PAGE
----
It would appear that soon after the move to Oyster Bed, McLeod decided to sell his collection of Canadian and Prince Edward Island tokens. The reason for this sale is not known, but perhaps he required capital for his business or to meet the expenses of his growing family. As noted in the catalogue of Lyman H. Low of New York, dated January 23, 1903, Ewen S. McLeod's collection was to be sold at public auction. Some of the items he had in his collection rarely come up for sale today and when they do, they usually sell well above book value.
Several items in McLeod's collection are worth noting. Three very early colonial pieces pertain to New France, and include Breton 502, a 5 sol silver piece in VG described as "not common", Breton 510, a French "jeton" dated 1751 in VF condition, as well as Breton 517 in the same series. From Quebec, McLeod had the Montreal and Lachine Railroad Company's "Third Class" copper, in VF; a rare Maysenholder & Bohle Goldsmiths token (Br. 566); and an uncirculated example of the token issued by numismatist A. Desroches (Br. 573).
Ontario was represented in McLeod's collection by Breton 729, the Upper Canada 1821 halfpenny token with "Jamaica" inscribed on the cask, and from New Brunswick, he owned the rare McDermott token of Saint John (Br. 914).
McLeod's native province was represented by the equally rare James Milner "sheaf of wheat" token of Charlottetown (Br. 916) in VG condition; both varieties of the John Joy token (Br. 995 and 996); Breton 1004 and 1005, both early halfpenny tokens; and two McCausland pennies. In total there were 77 lots, with some lots having many more than one token. Lot 172 for instance had one 1805 Hibernia, 3 Wellingtons, plus eight other tokens, a total of twelve items in one lot. The McDermott token from Saint John sold at the McLeod auction for $16 while the Milner "sheaf of wheat" token sold for $14. Today's prices for the latter two coins have certainly kept up to, and risen above, the rate of inflation.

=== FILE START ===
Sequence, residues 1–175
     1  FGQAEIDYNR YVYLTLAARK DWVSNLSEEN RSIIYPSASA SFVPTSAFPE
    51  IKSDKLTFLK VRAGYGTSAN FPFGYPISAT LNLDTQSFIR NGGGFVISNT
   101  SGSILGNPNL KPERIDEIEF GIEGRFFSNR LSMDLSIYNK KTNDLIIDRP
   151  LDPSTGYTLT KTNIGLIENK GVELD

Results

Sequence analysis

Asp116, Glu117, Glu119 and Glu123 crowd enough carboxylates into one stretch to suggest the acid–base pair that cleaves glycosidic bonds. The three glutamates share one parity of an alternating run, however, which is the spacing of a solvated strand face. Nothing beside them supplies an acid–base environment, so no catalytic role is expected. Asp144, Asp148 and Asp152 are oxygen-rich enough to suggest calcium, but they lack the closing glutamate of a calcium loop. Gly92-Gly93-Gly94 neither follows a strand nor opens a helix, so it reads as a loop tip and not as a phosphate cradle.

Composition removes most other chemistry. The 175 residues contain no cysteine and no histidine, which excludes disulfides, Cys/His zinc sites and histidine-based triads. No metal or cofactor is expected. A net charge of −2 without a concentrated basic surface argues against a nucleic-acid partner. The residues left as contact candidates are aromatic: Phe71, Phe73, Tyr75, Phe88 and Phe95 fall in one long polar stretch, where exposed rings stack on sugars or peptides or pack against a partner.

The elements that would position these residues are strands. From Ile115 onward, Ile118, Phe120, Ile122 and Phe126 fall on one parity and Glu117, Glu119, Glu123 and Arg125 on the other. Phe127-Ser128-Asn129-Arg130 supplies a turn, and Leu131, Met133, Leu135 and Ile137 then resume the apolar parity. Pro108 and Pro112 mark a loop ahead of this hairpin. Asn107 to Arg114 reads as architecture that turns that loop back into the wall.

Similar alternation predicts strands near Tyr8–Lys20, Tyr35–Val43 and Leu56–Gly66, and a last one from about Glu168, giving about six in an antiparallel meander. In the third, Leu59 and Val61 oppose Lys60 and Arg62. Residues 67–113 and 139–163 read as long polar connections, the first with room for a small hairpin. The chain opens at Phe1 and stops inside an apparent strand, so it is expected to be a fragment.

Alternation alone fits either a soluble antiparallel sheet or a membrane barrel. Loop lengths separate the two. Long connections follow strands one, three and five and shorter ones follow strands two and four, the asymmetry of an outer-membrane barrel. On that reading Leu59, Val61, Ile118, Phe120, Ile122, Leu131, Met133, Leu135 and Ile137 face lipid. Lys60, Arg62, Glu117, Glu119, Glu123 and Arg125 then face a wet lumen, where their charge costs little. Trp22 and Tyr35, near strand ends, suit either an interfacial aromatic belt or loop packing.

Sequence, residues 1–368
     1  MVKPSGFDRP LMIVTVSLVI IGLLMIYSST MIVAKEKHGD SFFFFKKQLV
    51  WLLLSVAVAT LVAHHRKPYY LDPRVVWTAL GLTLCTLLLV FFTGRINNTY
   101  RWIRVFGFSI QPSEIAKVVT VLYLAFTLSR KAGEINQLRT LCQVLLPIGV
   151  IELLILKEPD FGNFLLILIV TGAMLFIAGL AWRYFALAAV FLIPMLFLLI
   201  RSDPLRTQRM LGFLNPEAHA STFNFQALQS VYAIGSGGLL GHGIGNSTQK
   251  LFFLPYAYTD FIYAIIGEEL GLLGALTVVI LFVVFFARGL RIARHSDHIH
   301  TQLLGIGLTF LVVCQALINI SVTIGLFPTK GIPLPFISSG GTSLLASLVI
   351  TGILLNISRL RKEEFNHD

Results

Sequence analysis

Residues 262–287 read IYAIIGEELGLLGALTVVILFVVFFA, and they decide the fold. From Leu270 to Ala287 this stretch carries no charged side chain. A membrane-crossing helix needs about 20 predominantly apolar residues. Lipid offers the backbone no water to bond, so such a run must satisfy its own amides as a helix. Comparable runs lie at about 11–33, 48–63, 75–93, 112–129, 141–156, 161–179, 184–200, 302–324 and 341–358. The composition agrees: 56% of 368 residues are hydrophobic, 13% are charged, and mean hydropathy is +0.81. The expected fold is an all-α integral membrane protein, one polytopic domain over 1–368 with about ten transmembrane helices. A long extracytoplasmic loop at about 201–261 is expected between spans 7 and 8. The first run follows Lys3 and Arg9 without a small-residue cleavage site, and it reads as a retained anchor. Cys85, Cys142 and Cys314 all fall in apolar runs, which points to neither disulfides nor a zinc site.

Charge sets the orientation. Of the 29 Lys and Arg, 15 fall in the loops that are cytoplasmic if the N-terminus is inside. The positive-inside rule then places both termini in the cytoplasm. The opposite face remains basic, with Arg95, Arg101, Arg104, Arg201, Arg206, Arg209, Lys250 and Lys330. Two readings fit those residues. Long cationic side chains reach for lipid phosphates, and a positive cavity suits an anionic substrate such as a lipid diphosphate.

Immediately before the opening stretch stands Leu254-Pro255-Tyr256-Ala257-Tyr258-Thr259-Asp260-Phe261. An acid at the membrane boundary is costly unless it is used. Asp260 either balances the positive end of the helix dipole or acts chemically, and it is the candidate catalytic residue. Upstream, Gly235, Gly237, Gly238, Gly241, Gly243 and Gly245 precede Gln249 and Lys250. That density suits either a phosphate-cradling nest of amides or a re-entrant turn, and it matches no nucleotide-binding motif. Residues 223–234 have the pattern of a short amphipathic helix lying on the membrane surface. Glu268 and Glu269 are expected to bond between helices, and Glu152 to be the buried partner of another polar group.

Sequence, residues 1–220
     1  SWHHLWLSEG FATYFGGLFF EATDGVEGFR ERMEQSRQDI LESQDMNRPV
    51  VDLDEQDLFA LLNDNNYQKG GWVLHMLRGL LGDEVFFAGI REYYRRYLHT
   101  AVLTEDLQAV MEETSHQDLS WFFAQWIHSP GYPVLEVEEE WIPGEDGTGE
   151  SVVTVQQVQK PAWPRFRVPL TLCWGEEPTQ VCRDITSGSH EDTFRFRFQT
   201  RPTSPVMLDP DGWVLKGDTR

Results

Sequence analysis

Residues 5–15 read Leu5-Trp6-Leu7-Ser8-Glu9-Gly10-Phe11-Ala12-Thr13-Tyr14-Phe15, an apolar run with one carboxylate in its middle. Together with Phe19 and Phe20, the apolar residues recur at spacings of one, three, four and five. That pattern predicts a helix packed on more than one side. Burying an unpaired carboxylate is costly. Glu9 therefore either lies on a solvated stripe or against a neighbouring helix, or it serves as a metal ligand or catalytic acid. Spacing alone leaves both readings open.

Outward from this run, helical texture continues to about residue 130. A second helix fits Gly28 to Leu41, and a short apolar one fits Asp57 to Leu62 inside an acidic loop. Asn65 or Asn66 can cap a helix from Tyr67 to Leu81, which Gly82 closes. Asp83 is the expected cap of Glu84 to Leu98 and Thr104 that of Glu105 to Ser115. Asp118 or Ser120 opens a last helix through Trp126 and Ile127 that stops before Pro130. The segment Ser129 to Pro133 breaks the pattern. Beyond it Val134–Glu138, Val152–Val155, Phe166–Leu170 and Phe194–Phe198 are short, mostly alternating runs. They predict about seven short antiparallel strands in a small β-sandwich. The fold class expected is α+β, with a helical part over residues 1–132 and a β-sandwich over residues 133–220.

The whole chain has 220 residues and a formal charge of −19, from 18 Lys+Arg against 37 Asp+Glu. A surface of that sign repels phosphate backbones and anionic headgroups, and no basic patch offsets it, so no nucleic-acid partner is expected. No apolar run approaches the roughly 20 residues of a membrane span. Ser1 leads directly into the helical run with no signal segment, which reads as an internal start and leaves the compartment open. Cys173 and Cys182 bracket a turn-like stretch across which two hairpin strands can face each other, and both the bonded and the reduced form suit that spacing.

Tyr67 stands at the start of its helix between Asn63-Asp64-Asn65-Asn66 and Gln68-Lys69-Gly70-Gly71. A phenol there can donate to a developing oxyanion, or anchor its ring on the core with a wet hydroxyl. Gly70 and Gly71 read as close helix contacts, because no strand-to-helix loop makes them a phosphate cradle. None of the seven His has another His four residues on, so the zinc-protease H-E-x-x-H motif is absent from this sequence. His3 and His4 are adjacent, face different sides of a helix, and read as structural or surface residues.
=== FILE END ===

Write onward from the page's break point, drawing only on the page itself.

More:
After Ewen McLeod left the store in Wheatley River his new location in Oyster Bed was only three miles away. He must have been stiff competition for his rival, Hazeltine. A short time later Hazeltine sold the store to Herb Andrews who in turn sold it to Toff Ling. It is said that Ling did a great amount of business for a number of years and made some money. One day, however, when he came home from Charlottetown a little intoxicated he began to fool around with some matches. One of the match heads flew off and landed in some cotton material, which ignited. Afraid that some gun shells handy the burning cotton might explode, Ling ran outside only to see his store -- and Ewen McLeod's former store -- burn to the ground.
After he left the store business in Oyster Bed, Ewen McLeod moved to a farm in Hunter River, on the north side of Route 2 at the top of the hill on the way to Charlottetown. Later he became crippled and when he couldn't carry on farming, he moved in to the seven mile house -- the Hooper House -- at the intersection of Route 7 and Route 2 in Milton, P.E.I. Ewen McLeod, pioneer Island numismatist, died in 1932. His wife Margaret died in 1938, and both are buried in the Hunter River cemetery.
Ewen McLeod is remembered as a quiet man, a shrewd businessman, and a bit of a prankster. He is remembered too for his Wheatley River Token of 1900.
Interview with Ralph Matheson, Wheatley River, August 11, 1985. Several interviews with Jean MacRae, Hunter River, who also supplied the McLeod photograph. Chris Faulkner, for providing a copy of the 1903 Lyman H. Low auction catalogue. Cheryl Stead, for General History of Wheatley River, 1972.
The Currency and Medals of Prince Edward Island 1988, by Robert J. Graham, Earle K. Kennedy and J. Richard Becker with contribution by Ralph Dickieson and Gordon J. McCarville.
- Canadian coins
- Canadian banknotes
- Canadian tokens and medals
You can submit your own articles by contacting us.